“About one hour into a long drive, typically on a highway with a straightaway, you start zoning out and your reaction time slows down," according to Joshua Maxwell, an ergonomics engineer at Hyundai-Kia Technical Center. "Your brain goes into an auto-pilot phase." When a driver is in this mental state it is possible to travel many miles with little recollection of having consciously done so. And there is a greater chance of becoming drowsy.
Science and Engineering
Engineers from automakers Hyundai and Kia have partnered with researchers from the University of Michigan to study "highway hypnosis," to measure driver brainwaves using electroencephalograph (EEG) sensors. These sensors are able to detect when a driver begins to get drowsy and have been programmed to perk the driver up through audible and physical alerts. Currently, detecting how drowsy a driver gets during a long drive is determined by monitoring changes in their head position and the amount of times they blink their eyelids. The EEG method has the potential to determine drowsiness before typical behavior changes in head and eyelid activity can be observed.
390,000 injured/died by distracted driving
We’ve probably all had the experience of “waking up” after travelling some distance without any awareness, and it turns out to be a very serious potential driving hazard. The National Highway Traffic Safety Administration says 3,331 fatalities occurred in 2011 as a result of distracted driving. On top of that, the NHTSA estimates an additional 387,000 people were injured because of distracted driving.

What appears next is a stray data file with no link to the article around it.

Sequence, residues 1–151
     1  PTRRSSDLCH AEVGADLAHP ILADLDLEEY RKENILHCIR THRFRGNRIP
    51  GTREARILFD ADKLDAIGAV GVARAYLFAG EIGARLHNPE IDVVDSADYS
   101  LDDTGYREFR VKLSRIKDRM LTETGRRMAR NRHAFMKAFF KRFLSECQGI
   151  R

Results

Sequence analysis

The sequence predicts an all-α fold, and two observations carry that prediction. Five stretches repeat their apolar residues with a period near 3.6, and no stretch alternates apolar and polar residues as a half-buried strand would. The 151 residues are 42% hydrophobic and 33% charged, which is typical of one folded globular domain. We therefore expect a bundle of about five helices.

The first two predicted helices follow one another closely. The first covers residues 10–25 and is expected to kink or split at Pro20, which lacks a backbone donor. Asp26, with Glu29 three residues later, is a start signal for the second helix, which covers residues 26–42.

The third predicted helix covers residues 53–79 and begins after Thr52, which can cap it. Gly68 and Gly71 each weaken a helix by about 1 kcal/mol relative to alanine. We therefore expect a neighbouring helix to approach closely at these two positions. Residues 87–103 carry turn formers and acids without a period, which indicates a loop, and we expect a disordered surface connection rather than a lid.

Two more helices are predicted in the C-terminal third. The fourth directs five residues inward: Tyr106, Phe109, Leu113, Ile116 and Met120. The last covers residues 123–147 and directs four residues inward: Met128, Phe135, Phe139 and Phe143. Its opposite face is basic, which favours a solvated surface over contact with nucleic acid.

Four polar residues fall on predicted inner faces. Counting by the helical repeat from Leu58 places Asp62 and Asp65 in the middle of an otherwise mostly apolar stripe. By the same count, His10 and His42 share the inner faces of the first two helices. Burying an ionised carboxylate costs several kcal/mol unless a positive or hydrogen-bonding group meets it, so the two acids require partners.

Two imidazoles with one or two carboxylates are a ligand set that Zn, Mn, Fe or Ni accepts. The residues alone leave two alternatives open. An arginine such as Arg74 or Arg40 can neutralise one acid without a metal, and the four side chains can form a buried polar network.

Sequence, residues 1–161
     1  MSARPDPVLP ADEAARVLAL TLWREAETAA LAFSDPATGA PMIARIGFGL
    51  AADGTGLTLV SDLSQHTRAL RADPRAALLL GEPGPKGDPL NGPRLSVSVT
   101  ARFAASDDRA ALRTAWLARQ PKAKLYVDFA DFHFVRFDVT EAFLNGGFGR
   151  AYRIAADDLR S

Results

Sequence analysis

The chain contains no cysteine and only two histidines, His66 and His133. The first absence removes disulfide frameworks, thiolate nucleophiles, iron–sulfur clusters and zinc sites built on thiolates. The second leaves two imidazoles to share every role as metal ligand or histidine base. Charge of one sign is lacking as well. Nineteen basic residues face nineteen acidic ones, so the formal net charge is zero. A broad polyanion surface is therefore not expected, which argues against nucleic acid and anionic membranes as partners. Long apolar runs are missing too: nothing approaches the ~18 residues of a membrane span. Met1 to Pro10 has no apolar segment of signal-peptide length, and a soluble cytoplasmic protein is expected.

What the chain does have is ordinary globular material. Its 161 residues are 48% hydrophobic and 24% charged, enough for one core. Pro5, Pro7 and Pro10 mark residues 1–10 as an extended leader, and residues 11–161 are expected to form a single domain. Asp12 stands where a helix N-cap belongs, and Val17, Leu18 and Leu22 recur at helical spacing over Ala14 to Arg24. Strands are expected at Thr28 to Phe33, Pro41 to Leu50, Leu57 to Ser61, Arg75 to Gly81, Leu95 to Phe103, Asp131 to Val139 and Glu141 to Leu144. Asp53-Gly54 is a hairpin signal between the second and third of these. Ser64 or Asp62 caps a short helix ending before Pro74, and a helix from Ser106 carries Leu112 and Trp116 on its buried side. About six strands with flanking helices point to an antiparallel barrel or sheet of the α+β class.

So how are the engineers planning to jolt the driver awake when necessary? Maxwell said the engineers haven't come up with a specific warning system for cars yet. "It could be a sound and a visual cue. "It might be the coffee cup icon, which is familiar to most people (as a drowsy-driving alert)."
Application of Research in Hypnotherapy
Of course, there are two quite separate states of mind that have been lumped together here, using the term highway hypnosis for both. One is drowsiness, sleepiness. The other is quite different: a dissociated state in which a person can function at repetitive tasks easily while being mentally engaged in something separate. It is this ability that we use in the therapeutic use of hypnosis. An example is that in age regression the individual actually goes back to the earlier time and re-experiences it (not just remembering it as an event in the past), while he/she is able to use their adult cognitive and language abilities without awareness, without distracting attention from the age-regressed focus of attention on the re-experience.
It is possible that we may gain something useful from the University of Michigan research into driver brainwaves beyond keeping us from falling asleep at the wheel. We may learn more about this fascinating ability humans have of dissociating, and that will help us become more effective hypnotherapists.